A large part of the energy associated with meat production is in transportation, and here we need to be careful of the sources of all our food. Just today, I stepped into Sun Valley Foods, where 1 pound of California strawberries sold for 99 cents. Organic strawberries were $3.49 for the pound. If you wanted fresh Ontario strawberries, now in season, you had to pay $3.99 for just a pint. So imagine thousands upon thousands of crates of strawberries bouncing along transcontinentally in refrigerated trucks, delivering a product that is still cheaper than the local alternative. Boy, do we ever need to put a price tag on those emissions. There was an interesting article about this in the Star recently. The truth is that all our meals generate kilograms of carbon dioxide emissions to get to our plates. If you want to eat locally (which is a real challenge in our multinational world), there’s a book out there called the 100-Mile Diet which I have yet to read, but which I’ve heard nothing but good things about.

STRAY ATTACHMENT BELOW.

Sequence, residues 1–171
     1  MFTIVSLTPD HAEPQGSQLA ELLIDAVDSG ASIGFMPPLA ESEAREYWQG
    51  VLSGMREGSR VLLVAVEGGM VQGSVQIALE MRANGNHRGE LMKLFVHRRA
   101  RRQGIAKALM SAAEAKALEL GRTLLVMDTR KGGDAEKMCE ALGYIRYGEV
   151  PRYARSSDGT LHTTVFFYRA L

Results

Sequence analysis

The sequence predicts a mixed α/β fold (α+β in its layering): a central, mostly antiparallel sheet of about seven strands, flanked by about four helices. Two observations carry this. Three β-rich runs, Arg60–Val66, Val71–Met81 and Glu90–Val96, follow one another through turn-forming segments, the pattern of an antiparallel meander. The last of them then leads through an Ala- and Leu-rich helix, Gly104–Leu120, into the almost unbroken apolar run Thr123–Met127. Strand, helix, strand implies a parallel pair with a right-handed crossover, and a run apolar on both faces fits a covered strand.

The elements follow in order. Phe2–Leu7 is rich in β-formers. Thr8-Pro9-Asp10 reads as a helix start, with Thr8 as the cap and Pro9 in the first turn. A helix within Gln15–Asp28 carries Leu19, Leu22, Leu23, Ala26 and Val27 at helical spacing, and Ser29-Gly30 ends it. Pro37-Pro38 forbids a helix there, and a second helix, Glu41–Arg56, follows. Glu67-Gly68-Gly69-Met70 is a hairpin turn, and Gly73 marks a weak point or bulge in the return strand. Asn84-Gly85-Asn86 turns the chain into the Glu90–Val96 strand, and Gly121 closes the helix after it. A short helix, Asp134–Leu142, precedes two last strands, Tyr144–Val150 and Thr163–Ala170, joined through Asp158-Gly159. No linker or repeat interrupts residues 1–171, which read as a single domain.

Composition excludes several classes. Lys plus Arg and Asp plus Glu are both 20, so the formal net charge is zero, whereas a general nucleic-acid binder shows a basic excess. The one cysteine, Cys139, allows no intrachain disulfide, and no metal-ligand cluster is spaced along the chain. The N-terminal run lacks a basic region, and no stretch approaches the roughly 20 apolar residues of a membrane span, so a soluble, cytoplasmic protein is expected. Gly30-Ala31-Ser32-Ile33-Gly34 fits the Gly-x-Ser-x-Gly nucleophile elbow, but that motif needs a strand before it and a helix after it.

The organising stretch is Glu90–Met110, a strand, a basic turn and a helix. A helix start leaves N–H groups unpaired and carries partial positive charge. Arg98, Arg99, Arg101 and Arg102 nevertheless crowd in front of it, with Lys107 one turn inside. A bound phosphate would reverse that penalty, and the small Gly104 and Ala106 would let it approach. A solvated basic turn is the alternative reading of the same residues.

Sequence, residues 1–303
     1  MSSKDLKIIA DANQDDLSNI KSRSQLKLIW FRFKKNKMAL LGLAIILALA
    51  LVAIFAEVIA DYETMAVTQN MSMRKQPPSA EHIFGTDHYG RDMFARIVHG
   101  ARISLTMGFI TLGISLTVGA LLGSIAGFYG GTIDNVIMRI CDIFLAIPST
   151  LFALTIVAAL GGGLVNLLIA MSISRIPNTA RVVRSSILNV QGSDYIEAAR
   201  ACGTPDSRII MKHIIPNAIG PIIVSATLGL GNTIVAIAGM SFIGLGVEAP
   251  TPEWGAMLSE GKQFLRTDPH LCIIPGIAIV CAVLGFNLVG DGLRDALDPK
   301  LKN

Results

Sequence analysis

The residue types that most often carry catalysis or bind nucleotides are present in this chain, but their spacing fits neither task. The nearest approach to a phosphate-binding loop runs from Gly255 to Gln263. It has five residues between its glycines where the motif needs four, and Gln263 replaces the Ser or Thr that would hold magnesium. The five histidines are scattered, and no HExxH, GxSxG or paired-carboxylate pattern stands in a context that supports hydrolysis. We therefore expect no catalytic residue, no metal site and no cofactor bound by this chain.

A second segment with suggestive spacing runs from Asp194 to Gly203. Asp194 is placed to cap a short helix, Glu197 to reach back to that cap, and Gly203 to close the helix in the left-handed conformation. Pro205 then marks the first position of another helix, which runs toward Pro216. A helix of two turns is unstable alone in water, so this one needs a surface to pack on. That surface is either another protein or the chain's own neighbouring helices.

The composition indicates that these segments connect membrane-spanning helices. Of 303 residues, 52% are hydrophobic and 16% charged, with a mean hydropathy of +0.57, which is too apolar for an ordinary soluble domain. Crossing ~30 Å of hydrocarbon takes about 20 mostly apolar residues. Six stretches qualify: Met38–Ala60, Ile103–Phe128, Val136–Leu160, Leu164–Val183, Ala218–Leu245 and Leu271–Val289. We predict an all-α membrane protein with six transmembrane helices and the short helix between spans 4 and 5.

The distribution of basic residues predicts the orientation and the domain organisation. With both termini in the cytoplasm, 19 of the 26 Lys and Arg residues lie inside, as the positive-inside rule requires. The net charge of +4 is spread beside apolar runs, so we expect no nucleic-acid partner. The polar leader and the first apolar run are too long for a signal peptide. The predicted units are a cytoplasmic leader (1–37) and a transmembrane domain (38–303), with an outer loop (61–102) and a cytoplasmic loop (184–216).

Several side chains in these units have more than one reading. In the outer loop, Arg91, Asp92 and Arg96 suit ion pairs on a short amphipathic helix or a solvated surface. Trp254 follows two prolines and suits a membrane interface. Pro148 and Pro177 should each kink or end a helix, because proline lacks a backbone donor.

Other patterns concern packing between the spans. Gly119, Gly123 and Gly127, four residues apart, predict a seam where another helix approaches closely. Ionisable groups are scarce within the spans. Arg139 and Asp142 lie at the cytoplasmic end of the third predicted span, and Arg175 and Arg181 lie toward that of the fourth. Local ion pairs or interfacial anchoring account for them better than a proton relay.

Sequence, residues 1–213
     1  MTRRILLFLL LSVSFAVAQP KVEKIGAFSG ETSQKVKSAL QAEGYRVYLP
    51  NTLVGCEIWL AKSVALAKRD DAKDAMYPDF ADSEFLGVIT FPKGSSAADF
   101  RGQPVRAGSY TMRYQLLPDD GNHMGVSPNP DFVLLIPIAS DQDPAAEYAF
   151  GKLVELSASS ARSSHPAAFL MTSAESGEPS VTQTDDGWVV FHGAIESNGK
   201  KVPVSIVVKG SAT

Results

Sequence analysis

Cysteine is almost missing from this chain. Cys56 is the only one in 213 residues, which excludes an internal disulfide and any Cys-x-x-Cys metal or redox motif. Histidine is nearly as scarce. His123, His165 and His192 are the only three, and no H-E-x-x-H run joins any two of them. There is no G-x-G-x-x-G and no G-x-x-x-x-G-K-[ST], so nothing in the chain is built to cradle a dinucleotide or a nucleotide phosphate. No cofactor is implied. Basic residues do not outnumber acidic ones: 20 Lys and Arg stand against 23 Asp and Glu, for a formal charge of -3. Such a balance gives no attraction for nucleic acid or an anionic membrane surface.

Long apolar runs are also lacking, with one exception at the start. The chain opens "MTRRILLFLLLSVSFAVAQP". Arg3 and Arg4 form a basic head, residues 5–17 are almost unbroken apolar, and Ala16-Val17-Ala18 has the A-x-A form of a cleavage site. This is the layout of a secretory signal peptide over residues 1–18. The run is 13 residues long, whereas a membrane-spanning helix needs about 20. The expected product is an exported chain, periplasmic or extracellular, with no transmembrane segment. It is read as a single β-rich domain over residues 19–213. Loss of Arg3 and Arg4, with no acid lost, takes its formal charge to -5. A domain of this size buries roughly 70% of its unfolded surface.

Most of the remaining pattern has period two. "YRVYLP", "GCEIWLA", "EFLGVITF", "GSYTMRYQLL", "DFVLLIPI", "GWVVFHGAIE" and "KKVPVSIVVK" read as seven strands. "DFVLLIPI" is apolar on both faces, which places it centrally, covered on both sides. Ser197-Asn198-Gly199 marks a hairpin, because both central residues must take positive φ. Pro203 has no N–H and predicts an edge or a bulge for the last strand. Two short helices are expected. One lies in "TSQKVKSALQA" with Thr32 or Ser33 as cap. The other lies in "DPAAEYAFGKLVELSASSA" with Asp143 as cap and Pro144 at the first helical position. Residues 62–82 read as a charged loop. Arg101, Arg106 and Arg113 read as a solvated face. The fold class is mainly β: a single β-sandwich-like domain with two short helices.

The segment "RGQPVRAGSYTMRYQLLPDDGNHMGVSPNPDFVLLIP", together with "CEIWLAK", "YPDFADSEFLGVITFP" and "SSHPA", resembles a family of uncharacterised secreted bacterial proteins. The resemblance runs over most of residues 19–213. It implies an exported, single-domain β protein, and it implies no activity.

So on Wednesday evening, I attended Post-Carbon Toronto‘s meetup with a representative of Enbridge Gas, giving the industry’s rosy predictions of our future. The first surprise is that their predictions aren’t so very rosy. They are, however, hopelessly optimistic nonetheless. Enbridge recognizes depletion and deliverability issues, but imagines that non-conventional reserves will resolve them. It even envisions meeting higher demand without significant cost increases. The company is actively seeking new markets, even as it takes government money to encourage conservation among their current consumers, to make sure that demand keeps going up. In the midst of this madness, there was one comment that just broke through all the posturing in its clarity. After the Enbridge rep gushed about how we are blessed in North America with unparalleled storage facilities for natural gas, which facilitates distribution, someone asked why that unique characteristic occurred here. The response? Well, apparently we have a lot of depleted gas wells.